Well, it’s technically Saturday, but I’m calling this my Friday’s Five anyway. I’m not worried about technicalities. Neither is a knitter named Jimmie who I met a few days ago. Several of us were at the yarn shop knitting, and I listened to her comments on this and that for awhile and told her, “I like how you think.” She smiled and said, Look, if it’s not cancer, it’s all good. Twelve years ago I had that bearing down on me. After making it through that, most everything else rolls off of me.
I am thankful for people like her. Ones who get it. She’s my #1 this week.
#2: Hospice of Texarkana plans to publish a story about my Sam this year. The kids and I sat around our table with one of the writers/layout designers. He listened to us tell stories about Sam and what a gift hospice was for him and us during his last weeks. I will always remember how the staff cared for and supported Sam, and
how they supported us.
#3: I’m grateful for any opportunity to honor the fact that Sam lived. He mattered in this life. My daughter, sister, son, and I are all involved in making and contributing handmade items to a vendor area at our local Christmas artisan marketplace. We are donating 50% of the proceeds to the Lt. Sam Tirrito Sr. Memorial Scholarship fund. It is a small but important way to keep his memory with many people, to help many people, and to create something beautiful for a world that sometimes can be anything but beautiful.
#4: Other widows. I’m not glad they are widows, but
I feel especially blessed to have stumbled upon two different sites that are filled with women like me. Women who face the same challenges and situations that I do. Women who, although they have suffered great sadness, get up and keep going. Women who support one another daily, with no reason other than
they get the walk.
#5: Motivation. On days when it seems lagging (or absent!), I remember there’s a lesson in everything. Sometimes the lesson is to try again. Sometimes it’s to let it pass and rest. Every time, it’s to remember to celebrate when I feel mentally and physically at 100%. I do not take it for granted any longer, and I have a new compassion and respect for others who really truly just can’t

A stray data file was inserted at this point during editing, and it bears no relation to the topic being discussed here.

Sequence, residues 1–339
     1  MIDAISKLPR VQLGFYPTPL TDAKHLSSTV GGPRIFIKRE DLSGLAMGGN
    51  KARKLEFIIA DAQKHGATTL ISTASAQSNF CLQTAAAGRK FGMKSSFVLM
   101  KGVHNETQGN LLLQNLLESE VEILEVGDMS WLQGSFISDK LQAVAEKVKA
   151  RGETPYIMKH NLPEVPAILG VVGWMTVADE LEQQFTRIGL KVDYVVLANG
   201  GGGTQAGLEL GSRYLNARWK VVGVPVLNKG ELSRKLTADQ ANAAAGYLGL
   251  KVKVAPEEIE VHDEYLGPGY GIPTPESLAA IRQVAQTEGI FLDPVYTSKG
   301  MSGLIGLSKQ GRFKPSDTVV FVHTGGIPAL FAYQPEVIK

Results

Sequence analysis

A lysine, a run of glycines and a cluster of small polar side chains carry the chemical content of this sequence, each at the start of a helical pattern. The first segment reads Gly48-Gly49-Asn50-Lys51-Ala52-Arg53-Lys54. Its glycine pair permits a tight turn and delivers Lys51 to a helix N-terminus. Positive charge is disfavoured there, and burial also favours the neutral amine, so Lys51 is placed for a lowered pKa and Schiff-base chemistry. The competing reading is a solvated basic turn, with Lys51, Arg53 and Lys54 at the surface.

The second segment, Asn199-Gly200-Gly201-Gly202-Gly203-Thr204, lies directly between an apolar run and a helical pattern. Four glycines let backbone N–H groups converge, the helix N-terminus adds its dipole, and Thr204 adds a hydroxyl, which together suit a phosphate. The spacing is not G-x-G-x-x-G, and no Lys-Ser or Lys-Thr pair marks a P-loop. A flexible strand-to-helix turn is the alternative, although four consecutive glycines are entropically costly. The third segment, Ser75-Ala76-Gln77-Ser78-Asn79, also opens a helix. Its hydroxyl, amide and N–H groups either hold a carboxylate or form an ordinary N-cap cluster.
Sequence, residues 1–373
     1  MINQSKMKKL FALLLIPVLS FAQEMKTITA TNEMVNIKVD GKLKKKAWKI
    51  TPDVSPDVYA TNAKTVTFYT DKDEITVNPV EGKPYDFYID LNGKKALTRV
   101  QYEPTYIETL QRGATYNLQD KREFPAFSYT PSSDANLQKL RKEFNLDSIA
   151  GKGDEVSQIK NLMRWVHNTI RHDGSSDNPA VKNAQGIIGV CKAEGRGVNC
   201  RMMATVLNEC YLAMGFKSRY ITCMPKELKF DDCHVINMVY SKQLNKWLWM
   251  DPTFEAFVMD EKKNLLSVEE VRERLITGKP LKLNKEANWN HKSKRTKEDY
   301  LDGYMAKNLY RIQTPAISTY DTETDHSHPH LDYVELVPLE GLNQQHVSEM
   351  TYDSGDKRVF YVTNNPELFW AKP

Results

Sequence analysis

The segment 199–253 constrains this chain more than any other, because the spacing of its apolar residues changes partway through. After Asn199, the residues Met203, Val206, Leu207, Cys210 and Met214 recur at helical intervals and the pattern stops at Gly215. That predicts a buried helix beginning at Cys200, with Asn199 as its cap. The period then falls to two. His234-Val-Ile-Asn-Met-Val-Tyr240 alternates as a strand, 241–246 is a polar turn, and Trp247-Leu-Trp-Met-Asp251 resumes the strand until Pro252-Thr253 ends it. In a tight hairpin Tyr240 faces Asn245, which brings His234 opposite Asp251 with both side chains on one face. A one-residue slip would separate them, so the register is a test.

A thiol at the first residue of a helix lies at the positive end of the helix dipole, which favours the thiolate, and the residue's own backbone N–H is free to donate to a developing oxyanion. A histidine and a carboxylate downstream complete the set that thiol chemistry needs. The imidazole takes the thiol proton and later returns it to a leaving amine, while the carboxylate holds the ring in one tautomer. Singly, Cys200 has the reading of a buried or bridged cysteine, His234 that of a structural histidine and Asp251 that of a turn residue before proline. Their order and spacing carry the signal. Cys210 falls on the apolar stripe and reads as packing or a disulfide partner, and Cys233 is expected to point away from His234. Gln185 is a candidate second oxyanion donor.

some days. Until you experience something that has the power to control you mentally and physically, you really cannot imagine it. Grief can sometimes have that power. It’s a tricky, tricky thief.
#6 (it’s that kind of day) : Friends who stayed in for the long haul. It’s been almost nine months since Sam died. I still hear from some lifelong friends frequently. They teach me how to help others. They do not question me. They don’t judge. They have made my journey easier. So often, after a loss, everyone goes back to their busy life and routine. It’s natural. Expected. But I am grateful to say I have a few who never left. How do I explain what they do? It’s more than the text, message, card. It is a commitment to a friendship. Rare these days. I really see so many in a different light now than I did a year ago. I’ve said it before, but it is true:
after a loss–I think especially after the loss of a beloved spouse–you understand things you didn’t even have on the radar before. The best I can explain it is that it is an intuitive understanding of how people behave.
Note I didn’t say why they behave a certain way. I’ll never figure that part out.
And, since it is Small Business Saturday, here’s a shout out to some of my home town favorites:
Gayle’s and Abby Gayle’s
The Yarn Garden
The North Forty
Chris Thomas Pottery
These are just a few of my hometown favorites. The products and services are good, but the owners are the reason I keep going back. Nice people.
I’m sure as soon as I hit the publish key, I’ll realize I left out someone. There are so many good places and good people. When you find them, keep them.
Have a blessed week, dear readers.